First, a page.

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Spotlight: National Fishing and Boating Week

Spotlight: National Fishing and Boating Week

Celebrate our bountiful lakes and rivers during National Fishing and Boating Week

Fishing, Boat They say a bad day of fishing is still better than a good day at the office... We couldn't agree more. (Michael Watkins/USACE)

What You’ll Find

Boaters and anglers will soon have their days in the sun during National Fishing and Boating Week, June 1 through 9, 2013. One of Americans’ most popular ways to get outside and have a good time, boating can be a great opportunity to observe nature, get together with friends and try to outsmart the local fish.

Getting There

Many states lift the requirement for a fishing license during National Fishing and Boating Week, making it easier for newbies to try their hands at the sport. Visit takemefishing.org to find out if your state participates, and remember to purchase a fishing license during the rest of the year; license fees pay for fishing conservation activities, hatcheries and education programs.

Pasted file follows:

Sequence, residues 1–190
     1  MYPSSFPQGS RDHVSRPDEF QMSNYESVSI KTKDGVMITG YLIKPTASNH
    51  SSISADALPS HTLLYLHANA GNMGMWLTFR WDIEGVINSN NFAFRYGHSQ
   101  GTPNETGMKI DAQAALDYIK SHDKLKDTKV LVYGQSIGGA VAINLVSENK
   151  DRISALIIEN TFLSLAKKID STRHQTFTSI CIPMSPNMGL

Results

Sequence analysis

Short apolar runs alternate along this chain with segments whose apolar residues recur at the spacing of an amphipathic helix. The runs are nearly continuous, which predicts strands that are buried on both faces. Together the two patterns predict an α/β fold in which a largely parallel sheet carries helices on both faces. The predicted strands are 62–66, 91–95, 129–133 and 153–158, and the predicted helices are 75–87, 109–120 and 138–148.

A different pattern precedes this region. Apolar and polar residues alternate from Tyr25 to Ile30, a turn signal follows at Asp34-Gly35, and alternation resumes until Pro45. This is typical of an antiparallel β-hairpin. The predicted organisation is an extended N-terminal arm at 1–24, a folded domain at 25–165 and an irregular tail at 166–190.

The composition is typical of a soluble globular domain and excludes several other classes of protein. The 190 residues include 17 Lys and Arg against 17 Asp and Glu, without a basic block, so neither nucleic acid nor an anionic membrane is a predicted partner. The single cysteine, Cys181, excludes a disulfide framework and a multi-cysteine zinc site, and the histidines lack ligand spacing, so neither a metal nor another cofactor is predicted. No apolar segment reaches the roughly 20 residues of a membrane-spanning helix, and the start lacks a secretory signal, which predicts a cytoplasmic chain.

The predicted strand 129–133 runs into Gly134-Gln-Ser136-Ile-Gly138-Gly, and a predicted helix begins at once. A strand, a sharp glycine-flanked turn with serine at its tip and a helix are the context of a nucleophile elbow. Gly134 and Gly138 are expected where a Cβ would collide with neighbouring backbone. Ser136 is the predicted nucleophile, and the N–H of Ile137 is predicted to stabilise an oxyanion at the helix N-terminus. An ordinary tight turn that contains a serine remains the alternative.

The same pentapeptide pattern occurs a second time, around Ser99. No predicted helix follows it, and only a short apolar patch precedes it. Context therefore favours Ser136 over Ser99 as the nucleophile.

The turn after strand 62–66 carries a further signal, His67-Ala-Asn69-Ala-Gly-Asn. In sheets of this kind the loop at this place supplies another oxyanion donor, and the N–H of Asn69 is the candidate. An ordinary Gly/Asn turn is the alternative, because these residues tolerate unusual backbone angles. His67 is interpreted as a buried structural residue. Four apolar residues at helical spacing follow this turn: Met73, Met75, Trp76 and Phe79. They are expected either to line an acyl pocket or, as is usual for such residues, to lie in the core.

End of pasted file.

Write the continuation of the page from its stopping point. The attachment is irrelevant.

Make Sure You

Find out what other activities are available for National Fishing and Boating Week! Events include regattas, fishing tournaments and “Take a Warrior Fishing” days.

Another way to observe Fishing and Boating week is to take an online safety course. Boating newcomers are particularly encouraged to take the course. The course is hosted by industry organization BoatUS, known for its boat towing and emergency services.

Try This

Lakes across the country have organized “blueways” or blue trails such as the Little River Blueway at J. Strom Thurmond Lake in Georgia and South Carolina.

Watch below for a demonstration of stand-up paddle boarding on the Little River Blueway. It’s not as difficult as it sounds, your fuel costs are low (cheeseburger, anyone?) and you get a full body workout just maintaining your balance.

Get Started

The U.S. is blessed with thousands of beautiful lakes to “put in” and go boating. From the smallest kayaks to personal watercraft (PWCs) to cabin cruisers and sailing yachts, Americans love to take to the water and try to catch a “big one.”